Actually if the situation has evolved to that extent even a trained martial artist is in serious trouble. In such an eventuality fleeing or evasion is the best approach. In a realistic martial art it would be a good idea to understand the threat and limitations of the weapons that we may face. Learning to flee or evade such a situation effectively requires as much skill as physical combat. Those skills should be a part of any realistic martial art training.

Some of us who live in urban and even a more rural area have been challenged with roaches, centipedes and other such pests. Most of you will agree that it isn’t always easy to send those little monsters to their next incarnation. Swatting or squashing them can be a challenge. They often exhibit an uncanny ability to evade our efforts. They have complex evasion patterns hardwired into their DNA. Evasion is their primary form of survival against wholesale smushing.

Fleeing a threat isn’t cowardly. We should know when to flee and when to stand and fight. We should pick our battles and then stack the deck to maximize our chances of success and survival. Reason and not pride should determine our line of action. Misplaced pride can be fatal. You have better have a game plan. Strategy is as important as execution. By the way, those types of decisions shouldn’t be considered when confronted with an eminent threat. Learning how to react to a threat require forethought and preplanning. It doesn’t happen in the moment. Think and plan for such a situation before it happens. Like combat, if you have to think about it it won’t work. These things need to be preplanned. You can’t plan for every eventuality but you can learn how to react to various provocation.

Realistic martial art training should give you options and realistic levels of action. Fighting should never be a martial artist’s only option. Fighting should be the last option. It should be a worse case scenario but when called on to fight we should go into total fight mode. You either fight or you don’t fight. You can’t half fight. Combat requires total commitment. Being defensive in a deadly situation can and probably will get you hurt or killed.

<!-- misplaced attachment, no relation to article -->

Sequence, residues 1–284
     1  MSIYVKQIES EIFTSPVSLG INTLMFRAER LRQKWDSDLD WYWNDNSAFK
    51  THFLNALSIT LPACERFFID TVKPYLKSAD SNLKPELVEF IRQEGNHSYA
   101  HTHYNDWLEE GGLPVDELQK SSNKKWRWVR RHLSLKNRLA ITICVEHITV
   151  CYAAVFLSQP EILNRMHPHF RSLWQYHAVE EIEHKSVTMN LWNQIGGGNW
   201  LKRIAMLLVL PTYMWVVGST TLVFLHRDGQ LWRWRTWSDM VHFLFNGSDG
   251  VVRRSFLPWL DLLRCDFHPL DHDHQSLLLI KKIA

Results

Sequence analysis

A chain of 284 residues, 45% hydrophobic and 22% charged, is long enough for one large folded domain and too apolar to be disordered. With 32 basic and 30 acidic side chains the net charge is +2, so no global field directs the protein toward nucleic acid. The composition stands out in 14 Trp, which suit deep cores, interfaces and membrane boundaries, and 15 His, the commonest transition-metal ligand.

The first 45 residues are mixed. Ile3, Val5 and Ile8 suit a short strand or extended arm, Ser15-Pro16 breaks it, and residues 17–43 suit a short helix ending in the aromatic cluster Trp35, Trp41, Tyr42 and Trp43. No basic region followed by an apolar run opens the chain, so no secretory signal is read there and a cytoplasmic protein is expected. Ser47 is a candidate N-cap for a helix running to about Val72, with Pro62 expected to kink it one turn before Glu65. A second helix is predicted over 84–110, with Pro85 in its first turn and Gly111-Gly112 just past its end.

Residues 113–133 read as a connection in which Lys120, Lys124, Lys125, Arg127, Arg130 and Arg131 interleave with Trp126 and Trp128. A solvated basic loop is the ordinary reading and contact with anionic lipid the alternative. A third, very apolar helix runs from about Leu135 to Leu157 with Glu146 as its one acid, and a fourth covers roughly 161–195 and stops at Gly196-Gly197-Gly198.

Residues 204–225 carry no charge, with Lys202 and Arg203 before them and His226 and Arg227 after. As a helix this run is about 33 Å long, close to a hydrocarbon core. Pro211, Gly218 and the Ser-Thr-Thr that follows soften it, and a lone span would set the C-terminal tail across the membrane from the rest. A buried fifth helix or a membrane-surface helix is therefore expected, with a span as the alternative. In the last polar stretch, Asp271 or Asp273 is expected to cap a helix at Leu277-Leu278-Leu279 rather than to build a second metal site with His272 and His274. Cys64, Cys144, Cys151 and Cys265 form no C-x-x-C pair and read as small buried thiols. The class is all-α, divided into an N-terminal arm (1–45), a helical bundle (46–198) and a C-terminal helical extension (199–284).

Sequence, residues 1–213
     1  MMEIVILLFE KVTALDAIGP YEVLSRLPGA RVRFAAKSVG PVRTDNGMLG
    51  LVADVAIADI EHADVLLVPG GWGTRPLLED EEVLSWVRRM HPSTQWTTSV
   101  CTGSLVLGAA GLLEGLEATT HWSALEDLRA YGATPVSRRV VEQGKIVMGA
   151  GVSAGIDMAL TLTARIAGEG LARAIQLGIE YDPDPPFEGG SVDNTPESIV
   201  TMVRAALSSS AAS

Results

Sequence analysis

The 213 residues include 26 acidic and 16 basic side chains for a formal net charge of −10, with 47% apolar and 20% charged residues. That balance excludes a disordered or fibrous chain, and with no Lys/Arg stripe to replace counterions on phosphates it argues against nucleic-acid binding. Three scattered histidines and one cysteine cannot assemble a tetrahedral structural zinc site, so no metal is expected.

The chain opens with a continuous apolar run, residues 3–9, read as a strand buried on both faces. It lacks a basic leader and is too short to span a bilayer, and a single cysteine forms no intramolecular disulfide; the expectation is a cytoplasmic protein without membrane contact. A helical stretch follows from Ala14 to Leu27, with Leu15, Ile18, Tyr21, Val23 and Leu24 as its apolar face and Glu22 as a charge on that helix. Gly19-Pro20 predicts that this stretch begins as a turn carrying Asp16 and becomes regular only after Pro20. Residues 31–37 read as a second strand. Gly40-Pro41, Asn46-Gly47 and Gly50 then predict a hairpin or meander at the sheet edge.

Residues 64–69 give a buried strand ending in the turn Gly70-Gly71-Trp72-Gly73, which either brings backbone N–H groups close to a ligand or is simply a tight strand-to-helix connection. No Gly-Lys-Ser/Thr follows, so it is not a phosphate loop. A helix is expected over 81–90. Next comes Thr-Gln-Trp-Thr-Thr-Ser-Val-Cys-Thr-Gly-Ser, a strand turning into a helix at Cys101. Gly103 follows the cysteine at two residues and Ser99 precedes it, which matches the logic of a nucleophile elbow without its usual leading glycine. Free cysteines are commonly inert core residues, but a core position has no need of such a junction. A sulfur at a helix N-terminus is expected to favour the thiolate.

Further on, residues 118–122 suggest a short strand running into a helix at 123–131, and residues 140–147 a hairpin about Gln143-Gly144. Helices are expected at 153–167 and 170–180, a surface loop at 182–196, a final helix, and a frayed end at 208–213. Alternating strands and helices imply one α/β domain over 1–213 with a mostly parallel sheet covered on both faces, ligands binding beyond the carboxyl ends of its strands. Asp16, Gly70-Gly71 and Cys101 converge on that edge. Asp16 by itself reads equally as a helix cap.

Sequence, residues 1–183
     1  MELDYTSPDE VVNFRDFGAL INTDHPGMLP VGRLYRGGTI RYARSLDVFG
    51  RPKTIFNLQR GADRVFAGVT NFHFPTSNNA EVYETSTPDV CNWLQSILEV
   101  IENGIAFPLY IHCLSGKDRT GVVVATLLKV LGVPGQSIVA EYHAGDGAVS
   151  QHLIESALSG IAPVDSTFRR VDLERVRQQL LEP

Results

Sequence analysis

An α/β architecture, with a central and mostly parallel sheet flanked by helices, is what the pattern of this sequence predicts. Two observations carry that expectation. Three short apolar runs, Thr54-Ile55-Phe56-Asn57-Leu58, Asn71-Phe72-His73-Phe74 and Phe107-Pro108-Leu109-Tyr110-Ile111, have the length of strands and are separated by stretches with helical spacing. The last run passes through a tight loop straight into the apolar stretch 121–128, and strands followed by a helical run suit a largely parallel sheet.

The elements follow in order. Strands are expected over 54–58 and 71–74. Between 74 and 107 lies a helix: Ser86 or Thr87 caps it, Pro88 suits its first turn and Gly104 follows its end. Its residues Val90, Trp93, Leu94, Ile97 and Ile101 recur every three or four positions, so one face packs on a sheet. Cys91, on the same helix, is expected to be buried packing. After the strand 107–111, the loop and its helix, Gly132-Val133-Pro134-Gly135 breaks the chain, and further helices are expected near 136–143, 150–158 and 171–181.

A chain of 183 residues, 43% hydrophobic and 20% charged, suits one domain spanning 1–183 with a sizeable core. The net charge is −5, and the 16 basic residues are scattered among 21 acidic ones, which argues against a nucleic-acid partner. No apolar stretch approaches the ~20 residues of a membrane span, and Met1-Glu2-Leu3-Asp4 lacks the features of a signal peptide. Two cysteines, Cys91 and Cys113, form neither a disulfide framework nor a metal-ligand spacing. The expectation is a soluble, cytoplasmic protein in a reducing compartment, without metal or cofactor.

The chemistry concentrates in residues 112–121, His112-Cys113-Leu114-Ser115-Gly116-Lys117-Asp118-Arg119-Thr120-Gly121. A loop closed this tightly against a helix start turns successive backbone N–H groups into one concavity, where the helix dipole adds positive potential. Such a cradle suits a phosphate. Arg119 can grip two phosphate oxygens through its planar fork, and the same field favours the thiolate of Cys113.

With that being said, the confidence and sense of awareness that martial art training offers should give the martial artist the ability to avoid most threatening situations. A martial artist should have enough confidence and presence of mind to remove himself from a threat should he find himself unable to avoid it. When avoidance isn’t possible walking away or fleeing the threat should be the next choice. If fleeing isn’t possible practical conflict resolution, de-escalation and reason should come to sway. All of which has to be accomplished without a show of fear or weakness. Fear and weakness encourages the predator. Always deal from strength even when begging for peace. Training and enhanced ability will give a martial artist that sense of strength and confidence. Actually that sense of confidence will discourage many predators. Predators aren’t looking for a difficult fight. They look for a soft target.

Let’s face it, we can’t catch bullets in our teeth or catch a samurai sword between our sweaty palms. What we ca`n do is learn to avoid the people, places and things that expose us to danger. We can carry ourselves with the sense of confidence, balance and awareness that mark us as hard targets. We can have a plan and be prepared for the eventuality of personal threat or violence. We can learn conflict resolution and de-escalation in a potentially violent situation. And, of course, if all else fails we can fight like an enraged tiger.

To a large extent a martial artist trains for the pure joy of training. It’s an excellent form of physical exercise and a means of self discovery. It isn’t the ‘be all, end all’ solution for every possible problem but it helps to equip us to deal with life on life’s own turns. And if push comes to shove and all else fails it gives us the tools to survive a heads up confrontation. Even in the ‘wild wild west’.

God bless you, my brethren. Train hard and go with God.
Rev. Dr. Donald Miskel

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Donald Miskel
Donald Miskel started his training in 1959 at the Jiu Jitsu Institute in Chicago and trained with several well known and respected martial arts instructors in a number of disciplines. He has attained black belt ranking in six different martial art disciplines. Sensei Miskel taught at several locations in and around the Chicago area for many years. His focus was self defense instruction for civilians and specialized, individual, training for law enforcement personnel and security officers. He worked in several areas of law enforcement, mental health and personal security as well as performing Pastoral duties at several churches and ministries for a number of years. e helped to create the Black Lotus Combative System and he founded the Dante Ryu Gojute Kenpo karate/ Ju jitsu fighting system. Dr. Miskel is an original member of the Black Dragon Fighting Society.